Dr. Strangelove or: How I Learned to Stop Worrying and Love the BombReviewed By Chris Parry
Posted 02/09/03 12:08:08
(Worth A Look)
For years this has been one of those films that was on my 'to see' list. You know that list, the long line of titles that everyone else has seen but because you were washing your hair the day all your friends saw them, now you either have to watch it solo on video, see it chopped to pieces on late night TV or just wait and hope that maybe one day you'll find someone else who also has the thing on their list. For me, I opted for the TV cut, which in Canada isn't such a bad choice. In the US, it's death. which kind of segues into the theme of the film... we're all going to die.A commander at a military base somewhere in the US goes crazy ass bonkers and sends a bomber out to drop a nuke on the Russki's. In doing so, he puts the camp into lockdown - no calls in or out, all visitors will be shot, and the bombers have their radio signals scrambled so as to avoid a fake 'return' call.
Which also means there's no way the Americans can put out a legitimate 'return' call.
And so we meet in the war room, with all the most powerful and wisest minds in the American government and military brought together to figure out a solution to this crisis. Can we call back the planes? Can we convince the Russians to not retaliate if one of their cities is leveled? Can we sustain a retaliatory strike? Or... should we maybe... just send an all-out attack on their missile silos and hope to hit them before they hit back?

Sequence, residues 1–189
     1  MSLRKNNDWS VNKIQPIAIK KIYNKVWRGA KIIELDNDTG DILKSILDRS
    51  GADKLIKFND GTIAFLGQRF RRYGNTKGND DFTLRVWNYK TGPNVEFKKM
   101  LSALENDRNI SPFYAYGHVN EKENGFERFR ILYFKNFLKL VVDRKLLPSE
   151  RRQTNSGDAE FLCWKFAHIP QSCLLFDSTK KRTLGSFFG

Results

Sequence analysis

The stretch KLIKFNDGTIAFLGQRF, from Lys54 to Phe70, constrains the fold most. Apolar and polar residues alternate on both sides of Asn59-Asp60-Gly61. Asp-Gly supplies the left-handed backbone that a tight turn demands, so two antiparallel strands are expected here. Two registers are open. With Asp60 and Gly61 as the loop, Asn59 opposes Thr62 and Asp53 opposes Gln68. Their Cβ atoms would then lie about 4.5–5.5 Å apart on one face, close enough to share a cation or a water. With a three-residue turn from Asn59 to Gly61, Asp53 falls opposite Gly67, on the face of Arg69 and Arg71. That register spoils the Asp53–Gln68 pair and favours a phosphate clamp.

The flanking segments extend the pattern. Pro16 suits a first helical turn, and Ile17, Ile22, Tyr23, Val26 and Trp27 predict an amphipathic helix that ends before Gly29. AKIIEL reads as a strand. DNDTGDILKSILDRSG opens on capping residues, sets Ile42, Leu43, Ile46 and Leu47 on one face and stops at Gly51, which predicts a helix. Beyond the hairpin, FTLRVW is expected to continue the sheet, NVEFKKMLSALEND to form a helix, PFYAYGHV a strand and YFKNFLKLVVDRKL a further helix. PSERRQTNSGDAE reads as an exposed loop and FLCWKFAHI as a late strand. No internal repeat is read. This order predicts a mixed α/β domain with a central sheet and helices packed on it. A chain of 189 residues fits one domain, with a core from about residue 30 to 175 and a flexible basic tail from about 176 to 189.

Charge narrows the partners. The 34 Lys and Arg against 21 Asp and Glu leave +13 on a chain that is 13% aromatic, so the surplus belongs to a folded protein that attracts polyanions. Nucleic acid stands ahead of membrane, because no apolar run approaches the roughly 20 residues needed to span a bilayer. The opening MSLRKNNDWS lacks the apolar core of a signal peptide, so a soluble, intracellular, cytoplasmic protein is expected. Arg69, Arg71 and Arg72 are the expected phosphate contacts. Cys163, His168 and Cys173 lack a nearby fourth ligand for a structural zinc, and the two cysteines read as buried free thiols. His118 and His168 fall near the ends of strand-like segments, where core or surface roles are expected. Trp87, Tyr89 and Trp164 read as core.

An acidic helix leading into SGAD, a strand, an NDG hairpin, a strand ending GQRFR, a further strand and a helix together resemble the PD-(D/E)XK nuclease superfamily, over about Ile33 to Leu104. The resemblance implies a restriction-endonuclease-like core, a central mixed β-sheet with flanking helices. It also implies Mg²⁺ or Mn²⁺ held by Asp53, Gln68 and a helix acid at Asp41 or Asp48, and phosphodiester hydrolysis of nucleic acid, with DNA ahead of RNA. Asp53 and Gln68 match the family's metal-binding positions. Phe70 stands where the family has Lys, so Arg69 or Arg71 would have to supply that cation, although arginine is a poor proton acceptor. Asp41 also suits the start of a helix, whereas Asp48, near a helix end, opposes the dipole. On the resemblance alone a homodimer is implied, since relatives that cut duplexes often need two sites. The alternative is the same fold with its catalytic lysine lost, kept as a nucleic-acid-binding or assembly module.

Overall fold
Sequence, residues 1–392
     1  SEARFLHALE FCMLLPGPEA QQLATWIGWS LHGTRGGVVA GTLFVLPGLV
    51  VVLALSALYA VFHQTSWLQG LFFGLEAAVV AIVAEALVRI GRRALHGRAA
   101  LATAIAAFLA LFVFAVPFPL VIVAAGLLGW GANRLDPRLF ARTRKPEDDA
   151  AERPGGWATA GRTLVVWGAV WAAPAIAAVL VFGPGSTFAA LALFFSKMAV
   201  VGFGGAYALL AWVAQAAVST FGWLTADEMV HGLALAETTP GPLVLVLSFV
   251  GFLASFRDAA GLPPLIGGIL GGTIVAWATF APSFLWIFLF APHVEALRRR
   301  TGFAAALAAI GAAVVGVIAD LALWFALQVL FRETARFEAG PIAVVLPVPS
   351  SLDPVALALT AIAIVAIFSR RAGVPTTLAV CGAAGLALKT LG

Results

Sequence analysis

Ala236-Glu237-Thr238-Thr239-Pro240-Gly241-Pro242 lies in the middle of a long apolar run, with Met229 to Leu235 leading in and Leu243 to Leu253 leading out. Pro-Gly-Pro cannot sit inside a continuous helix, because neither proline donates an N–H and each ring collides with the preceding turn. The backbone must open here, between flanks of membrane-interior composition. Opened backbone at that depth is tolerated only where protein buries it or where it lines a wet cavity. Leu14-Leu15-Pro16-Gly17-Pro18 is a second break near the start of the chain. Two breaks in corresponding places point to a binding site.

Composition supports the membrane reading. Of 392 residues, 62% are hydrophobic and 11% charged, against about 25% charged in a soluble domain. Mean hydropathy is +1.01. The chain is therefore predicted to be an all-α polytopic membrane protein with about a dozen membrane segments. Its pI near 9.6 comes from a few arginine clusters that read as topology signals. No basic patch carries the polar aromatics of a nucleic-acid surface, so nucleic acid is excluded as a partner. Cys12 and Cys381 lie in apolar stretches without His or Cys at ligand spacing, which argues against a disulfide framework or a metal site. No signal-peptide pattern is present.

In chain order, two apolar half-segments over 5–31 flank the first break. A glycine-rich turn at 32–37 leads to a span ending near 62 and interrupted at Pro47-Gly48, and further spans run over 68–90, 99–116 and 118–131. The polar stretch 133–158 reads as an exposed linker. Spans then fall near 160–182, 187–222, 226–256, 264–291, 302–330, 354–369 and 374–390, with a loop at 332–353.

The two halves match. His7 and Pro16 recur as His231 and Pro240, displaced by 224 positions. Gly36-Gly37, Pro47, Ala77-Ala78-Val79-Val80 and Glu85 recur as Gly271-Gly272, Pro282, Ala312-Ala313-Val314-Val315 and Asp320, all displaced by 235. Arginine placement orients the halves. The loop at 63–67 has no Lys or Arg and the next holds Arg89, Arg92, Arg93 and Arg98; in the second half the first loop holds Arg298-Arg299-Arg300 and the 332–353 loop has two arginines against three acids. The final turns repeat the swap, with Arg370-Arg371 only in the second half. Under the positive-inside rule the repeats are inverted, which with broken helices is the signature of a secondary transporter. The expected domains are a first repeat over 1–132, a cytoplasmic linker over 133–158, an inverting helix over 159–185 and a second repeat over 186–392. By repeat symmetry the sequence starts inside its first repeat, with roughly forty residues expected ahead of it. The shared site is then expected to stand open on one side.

The question and the dilemma are not entirely fictional. These scenarios were often played out during the cold war, generally in situations as perilous. Many times an equipment malfunction or human error put the world a few seconds from nuclear destruction but somehow we managed to avoid hitting the button. Then the Russians decided they liked Quarter Pounders and we all breathed a sigh of relief.
But that's now... way back then, in the 60's and 70's, relief wasn't something you could anticipate. That's why this film is such a great piece of work. It parodies the situation beautifully without getting too far into the realm of the ridiculous. By keeping mostly just under the line between reality and farce, director Stanley Kubrick teaches the audience a lesson without leaving them feel preached at.
Peter Sellers, playing multiple roles, is at once the funniest thing in the film but also its weak point. While it's neat that Sellers could pull of several roles well, he becomes a distraction rather than an assistance. In the final minutes of the film you're left to wonder not what might happen if this scenario came true, but rather why is the guy in the wheelchair walking?
George C. Scott, as a General eager to pound the Russki's, shows comedic range far beyond that which anyone would known he possessed beforehand. He must be the strong point of this entire cast, delivering more with a facial expression than he does with words. You feel like kicking him in the teeth at the same time as you marvel at his skill, and that's a tough ask for any actor - not to mention a tough character to write.Ultimately, though Dr Strangelove is a film that any serious film fan should see just to understand why people dig Kubrick, it does have drawbacks and is seriously low budget. The effects are shoddy, but then perhaps they were intended to be. The shots are moody and serious, even when the tone is light. And the ultimate message is one that, sadly, we could still do with hearing. Booyah.
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